At 31 minutes, EARTHWISE qualifies as the longest of the shorts program, and not a moment is wasted in telling the fascinating story of the Apollo 8 mission and the astronauts who captured the first image of the earth in its entirety. Director Emmanuel Vaughan-Lee pairs “home movies” from the mission itself along with current day interviews with Frank Boorman, Bill Anders, and Jim Lovell explaining the emotion they experienced as three of only 24 astronauts who have ever seen earth from this unique vantage. Ironically, it was a total afterthought to grab the camera and capture a photo of the “blue marble” floating in the distance- an image that has since become one of the most reproduced in history. Additional footage of the trio as they embark on the first ever trip around the dark side of the moon as well as an awe-inspiring take from the window of the space craft during reentry into the earth’s atmosphere, EARTHRISE is an incredible chapter in the cinematic chronicles of space travel.
TO SCALE: THE SOLAR SYSTEM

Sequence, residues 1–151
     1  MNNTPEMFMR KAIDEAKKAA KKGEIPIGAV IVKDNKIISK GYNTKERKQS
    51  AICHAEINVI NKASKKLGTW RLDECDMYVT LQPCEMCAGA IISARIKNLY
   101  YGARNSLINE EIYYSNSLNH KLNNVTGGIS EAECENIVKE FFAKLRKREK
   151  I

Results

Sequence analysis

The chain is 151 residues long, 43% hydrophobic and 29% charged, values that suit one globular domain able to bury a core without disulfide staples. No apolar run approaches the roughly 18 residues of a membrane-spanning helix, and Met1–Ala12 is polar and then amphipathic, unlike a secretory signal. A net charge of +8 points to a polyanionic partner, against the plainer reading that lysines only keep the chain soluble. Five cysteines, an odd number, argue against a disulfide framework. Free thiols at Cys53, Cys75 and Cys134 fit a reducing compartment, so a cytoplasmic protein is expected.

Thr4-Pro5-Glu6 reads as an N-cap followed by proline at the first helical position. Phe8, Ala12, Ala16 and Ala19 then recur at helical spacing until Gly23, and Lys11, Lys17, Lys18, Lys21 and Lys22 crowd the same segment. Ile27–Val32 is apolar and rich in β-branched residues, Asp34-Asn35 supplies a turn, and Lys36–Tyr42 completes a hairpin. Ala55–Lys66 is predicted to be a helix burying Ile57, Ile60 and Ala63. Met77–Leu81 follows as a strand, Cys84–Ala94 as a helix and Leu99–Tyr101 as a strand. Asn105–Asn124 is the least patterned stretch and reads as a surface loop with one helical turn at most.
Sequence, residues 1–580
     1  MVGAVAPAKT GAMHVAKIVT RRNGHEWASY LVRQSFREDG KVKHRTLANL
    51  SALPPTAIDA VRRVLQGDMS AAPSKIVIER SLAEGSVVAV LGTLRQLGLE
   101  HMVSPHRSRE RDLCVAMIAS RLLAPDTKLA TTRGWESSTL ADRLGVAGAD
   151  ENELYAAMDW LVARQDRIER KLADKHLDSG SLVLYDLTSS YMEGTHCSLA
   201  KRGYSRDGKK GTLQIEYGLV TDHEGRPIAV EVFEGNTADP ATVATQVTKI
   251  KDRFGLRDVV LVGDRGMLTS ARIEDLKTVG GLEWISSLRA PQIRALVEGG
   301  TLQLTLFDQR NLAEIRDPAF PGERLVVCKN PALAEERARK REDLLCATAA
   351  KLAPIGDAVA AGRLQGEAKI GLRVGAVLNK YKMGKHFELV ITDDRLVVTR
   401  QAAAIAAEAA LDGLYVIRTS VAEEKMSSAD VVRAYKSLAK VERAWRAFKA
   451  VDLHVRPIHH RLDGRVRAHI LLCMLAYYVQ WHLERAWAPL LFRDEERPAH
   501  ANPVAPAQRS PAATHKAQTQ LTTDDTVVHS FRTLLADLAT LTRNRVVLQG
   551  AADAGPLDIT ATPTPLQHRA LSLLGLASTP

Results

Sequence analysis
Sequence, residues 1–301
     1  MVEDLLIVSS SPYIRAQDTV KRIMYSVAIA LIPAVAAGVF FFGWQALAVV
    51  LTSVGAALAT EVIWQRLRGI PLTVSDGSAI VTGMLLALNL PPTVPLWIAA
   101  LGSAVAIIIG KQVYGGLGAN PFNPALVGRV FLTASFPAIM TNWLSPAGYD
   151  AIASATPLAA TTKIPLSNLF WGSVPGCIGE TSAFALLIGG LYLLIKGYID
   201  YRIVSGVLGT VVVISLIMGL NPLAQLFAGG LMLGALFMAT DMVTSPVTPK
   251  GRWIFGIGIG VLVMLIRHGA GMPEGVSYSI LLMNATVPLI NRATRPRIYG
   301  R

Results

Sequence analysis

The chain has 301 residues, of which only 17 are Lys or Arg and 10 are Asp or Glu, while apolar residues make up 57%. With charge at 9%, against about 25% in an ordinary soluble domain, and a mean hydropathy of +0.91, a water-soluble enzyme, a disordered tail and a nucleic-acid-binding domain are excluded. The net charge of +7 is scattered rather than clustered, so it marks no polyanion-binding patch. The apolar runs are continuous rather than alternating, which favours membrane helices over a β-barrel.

Did you know that pretty much every representation of our solar system you’ve ever seen is not to scale? Apparently if it were, you wouldn’t be able to see the planets at all. Directors Alex Gorosh and Wylie Overstreet (yep, the same team behind A NEW VIEW OF THE MOON) set out to remedy this quandary by plotting the paths of the planets circling our sun in a seven mile stretch of desert. The filmmakers painstakingly measure each trajectory and use appropriately sized LED lights to represent each heavenly body. From their vantage atop a nearby mountain, they then capture a time-lapse view of the lights as they “orbit” around the “sun”- a giant illuminated balloon in the center. The end result is a fascinating- and more importantly accurate- depiction of our solar system in motion and a really cool 7 minutes.